1. Which genre of children’s books do you like most and why?
Surrealistic comedy adventures. One thing most of the best ones have in common is that they don’t patronise children. I’ve always believed in reading (and writing) ‘up’. If there’s something a reader doesn’t understand then that’s okay. I avoid whimsy, fantasy and ‘issue-based’ fiction like the plague. Also anything with cats. Apart from the The Cat in the Hat.
2. Which books did you love to read as a young child?
I don’t read any children’s books now so all my choices would be books I read as a child. I LOVED Dr Seuss and still do. Apart from comics (which I lived for), I devoured adventure books like The Famous Five and Secret Seven by Enid Blyton and the Biggles books by Capt WE Johns, without ever thinking they were ‘great books’.
The first works that I thought were both enjoyable and genius were the Molesworth books by Geoffrey Willans and illustrated by Ronald Searle. Funny, original and fresh, they tell the story of Nigel Molesworth and his various schemes at St Custards. Wonderful.
I loved the Just William books by Richmal Crompton, the Professor Branestawm series by Norman Hunter. I loved these books and they were a big influence, as was The Phantom Tollbooth by Norton Juster (which I had the pleasure of illustrating a cover for a Harper Collins edition).
3. Which three attributes make for a great children’s book?
Wow. OK, I’ll try.
Number one: It must be a page turner. As a child – and now – I have no patience with books that feel like eating muesli without milk. I don’t care about the angst, just give me smugglers and pirates and monsters and comedy and danger and cliff-hanger endings and miraculous escapes and weird powers. An example of a perfect page turner might be something like the Stormbreaker books by Antony Horowitz or Eoin Colfer’s Artemis Fowl‘ stuff (I lied about never reading children’s books). I felt that Harry Potter should have been like this but, for me anyway, wasn’t.
Number two: Someone should die. All my favourite children’s writers killed characters off (often, as with Roald Dahl, before the narrative begins). Children need to find out early that life can be tough (even if they only read about it). If no-one dies, then bad things should be allowed to happen. If there’s no believable danger, there’s no thrill.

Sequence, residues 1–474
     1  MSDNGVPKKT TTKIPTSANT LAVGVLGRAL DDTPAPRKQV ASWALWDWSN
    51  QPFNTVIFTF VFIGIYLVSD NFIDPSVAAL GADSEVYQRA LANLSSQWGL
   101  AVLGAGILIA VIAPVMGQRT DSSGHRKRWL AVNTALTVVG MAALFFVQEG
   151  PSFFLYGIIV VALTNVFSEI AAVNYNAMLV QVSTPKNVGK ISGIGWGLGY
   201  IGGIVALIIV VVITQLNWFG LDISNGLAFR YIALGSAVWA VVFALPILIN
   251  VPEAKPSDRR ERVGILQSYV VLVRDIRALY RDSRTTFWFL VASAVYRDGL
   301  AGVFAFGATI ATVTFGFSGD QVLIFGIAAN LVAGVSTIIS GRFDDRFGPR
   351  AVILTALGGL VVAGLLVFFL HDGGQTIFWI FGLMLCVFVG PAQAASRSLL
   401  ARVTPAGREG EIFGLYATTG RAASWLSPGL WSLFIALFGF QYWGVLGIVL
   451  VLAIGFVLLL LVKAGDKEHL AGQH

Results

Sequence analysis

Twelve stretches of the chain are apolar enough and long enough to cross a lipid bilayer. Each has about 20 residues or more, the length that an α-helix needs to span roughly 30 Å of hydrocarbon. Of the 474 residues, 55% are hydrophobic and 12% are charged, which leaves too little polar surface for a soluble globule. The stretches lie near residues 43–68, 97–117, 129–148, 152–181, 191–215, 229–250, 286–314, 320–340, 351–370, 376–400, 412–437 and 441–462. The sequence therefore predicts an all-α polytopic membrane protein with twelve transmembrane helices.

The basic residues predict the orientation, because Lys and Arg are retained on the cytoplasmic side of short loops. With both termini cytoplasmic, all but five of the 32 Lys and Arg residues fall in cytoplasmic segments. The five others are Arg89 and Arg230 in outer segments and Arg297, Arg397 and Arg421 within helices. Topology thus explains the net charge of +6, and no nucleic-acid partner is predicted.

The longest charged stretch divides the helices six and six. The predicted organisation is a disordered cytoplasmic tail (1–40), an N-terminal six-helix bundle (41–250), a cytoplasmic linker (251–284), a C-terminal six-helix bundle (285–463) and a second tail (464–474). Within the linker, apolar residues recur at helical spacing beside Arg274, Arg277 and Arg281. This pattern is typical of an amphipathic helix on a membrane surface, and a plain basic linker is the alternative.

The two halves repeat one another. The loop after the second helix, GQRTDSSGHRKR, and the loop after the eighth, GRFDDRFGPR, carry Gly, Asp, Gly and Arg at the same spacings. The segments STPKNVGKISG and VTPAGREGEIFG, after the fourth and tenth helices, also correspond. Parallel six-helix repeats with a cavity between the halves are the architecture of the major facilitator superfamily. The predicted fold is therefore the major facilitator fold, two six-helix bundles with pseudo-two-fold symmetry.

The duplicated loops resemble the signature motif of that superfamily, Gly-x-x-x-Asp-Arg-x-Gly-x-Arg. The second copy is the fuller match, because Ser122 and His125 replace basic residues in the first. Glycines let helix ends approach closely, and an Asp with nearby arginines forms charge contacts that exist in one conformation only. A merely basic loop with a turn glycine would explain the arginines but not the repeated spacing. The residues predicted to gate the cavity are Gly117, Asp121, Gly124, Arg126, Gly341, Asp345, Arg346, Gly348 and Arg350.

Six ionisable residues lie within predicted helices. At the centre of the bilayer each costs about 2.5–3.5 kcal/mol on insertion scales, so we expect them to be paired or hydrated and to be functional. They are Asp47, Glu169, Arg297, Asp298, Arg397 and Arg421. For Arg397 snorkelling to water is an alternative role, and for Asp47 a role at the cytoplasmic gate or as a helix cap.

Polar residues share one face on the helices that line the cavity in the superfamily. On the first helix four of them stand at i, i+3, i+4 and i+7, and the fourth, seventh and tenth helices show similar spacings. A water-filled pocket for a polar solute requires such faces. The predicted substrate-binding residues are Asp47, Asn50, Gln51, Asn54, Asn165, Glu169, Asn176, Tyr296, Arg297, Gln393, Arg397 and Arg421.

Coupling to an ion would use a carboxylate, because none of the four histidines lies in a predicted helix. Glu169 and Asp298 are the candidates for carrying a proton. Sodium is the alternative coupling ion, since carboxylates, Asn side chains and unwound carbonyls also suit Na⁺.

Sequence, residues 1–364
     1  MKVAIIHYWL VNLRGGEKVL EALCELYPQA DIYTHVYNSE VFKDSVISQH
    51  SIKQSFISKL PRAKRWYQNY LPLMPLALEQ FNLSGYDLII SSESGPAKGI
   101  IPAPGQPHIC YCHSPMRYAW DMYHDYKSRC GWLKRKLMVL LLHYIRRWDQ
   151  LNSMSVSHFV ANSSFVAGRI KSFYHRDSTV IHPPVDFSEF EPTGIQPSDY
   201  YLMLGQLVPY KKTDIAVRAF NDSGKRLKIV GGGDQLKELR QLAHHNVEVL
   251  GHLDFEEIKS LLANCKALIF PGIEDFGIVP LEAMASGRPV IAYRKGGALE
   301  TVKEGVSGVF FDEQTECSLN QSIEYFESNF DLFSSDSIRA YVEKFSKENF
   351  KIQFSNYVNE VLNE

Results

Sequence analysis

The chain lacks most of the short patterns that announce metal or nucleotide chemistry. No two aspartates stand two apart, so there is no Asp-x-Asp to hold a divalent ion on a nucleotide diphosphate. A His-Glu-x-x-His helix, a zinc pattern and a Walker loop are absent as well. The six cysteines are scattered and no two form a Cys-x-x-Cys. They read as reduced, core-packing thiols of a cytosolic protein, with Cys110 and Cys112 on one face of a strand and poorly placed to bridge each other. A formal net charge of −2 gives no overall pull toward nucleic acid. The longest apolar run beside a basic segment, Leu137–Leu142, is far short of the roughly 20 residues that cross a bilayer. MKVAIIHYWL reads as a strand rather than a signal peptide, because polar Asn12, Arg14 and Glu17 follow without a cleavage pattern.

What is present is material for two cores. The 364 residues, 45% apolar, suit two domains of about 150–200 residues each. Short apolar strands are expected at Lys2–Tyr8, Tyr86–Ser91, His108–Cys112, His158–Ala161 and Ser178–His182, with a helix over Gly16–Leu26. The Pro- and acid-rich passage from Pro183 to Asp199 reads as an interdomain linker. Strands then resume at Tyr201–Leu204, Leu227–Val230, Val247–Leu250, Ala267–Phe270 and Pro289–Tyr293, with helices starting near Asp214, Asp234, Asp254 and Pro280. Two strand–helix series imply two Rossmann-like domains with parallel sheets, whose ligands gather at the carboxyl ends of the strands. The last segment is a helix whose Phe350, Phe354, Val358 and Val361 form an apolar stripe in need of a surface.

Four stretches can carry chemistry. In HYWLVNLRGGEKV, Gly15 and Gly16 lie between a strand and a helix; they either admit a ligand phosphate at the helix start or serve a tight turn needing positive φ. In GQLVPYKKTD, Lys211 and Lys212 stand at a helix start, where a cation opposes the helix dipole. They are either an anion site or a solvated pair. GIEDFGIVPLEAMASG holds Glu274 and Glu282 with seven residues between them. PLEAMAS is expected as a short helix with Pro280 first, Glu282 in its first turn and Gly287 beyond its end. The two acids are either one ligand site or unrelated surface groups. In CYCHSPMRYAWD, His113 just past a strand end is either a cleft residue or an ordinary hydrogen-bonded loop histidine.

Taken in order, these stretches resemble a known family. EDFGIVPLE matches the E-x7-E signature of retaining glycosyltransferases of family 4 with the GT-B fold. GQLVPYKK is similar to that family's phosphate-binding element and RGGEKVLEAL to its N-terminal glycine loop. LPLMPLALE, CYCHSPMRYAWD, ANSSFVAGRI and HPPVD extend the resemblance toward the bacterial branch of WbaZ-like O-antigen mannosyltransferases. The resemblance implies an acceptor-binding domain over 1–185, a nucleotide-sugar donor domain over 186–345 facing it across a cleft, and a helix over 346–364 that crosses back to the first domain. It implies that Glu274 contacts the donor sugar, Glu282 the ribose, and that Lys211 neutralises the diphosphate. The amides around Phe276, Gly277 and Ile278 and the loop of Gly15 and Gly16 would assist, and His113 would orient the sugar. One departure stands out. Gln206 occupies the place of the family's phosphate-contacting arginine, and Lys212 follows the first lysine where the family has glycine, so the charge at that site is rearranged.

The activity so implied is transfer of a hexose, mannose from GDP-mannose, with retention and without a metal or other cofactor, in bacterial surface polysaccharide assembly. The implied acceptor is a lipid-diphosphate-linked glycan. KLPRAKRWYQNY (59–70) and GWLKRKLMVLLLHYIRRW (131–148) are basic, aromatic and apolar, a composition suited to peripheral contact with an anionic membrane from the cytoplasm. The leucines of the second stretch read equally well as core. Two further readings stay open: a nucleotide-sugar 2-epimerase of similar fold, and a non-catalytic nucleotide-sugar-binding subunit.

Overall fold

Number three: It shouldn’t be a picture book. This is a very selfish one. I know there are lots of great picture books. It’s just that I (and bear in mind I’m an illustrator) always feel that picture books are for the parents. Other than Dr Seuss, I think all picture books are really aimed at parents not children. Even Where The Wild Things Are, which is probably loved by millions is really for the adults. My kids enjoyed some great picture books as youngsters but the books they loved were ones they chose, or found. A case in point is Shaun Tan. As an artist I love his work. I’m not sure I’d find a single child who would enjoy his stuff. But I’m bitter so maybe my opinion doesn’t count.
4. What is your number one tip for encouraging children to read?
Don’t make them read boring books. My brother was forced to read Northanger Abbey at school at the age of (I think) about 11. He never recovered.
5. Name three books you wish you’d written.
I’m assuming these would be children’s books? If so then they’d be: Harry Potter, for obvious reasons (although mine would have been better). For anyone who has been living on Mars, that’s by JK Rowling. Alice’s Adventures In Wonderland by Lewis Carroll. Lastly, it would probably be Horton Hears a Who by Dr Seuss.
After time spent as Creative Director with the London design company he co-founded, Martin moved between the US and UK for five years before eventually emigrating to Australia where he has been based since 2004. In addition to his books for children, Random House will be publishing his debut crime fiction novel in 2012. He lives in Lennox Head in northern NSW and is married with two teenage children.
Stay tuned for my review of Mortal Combat: Time’s Running Out.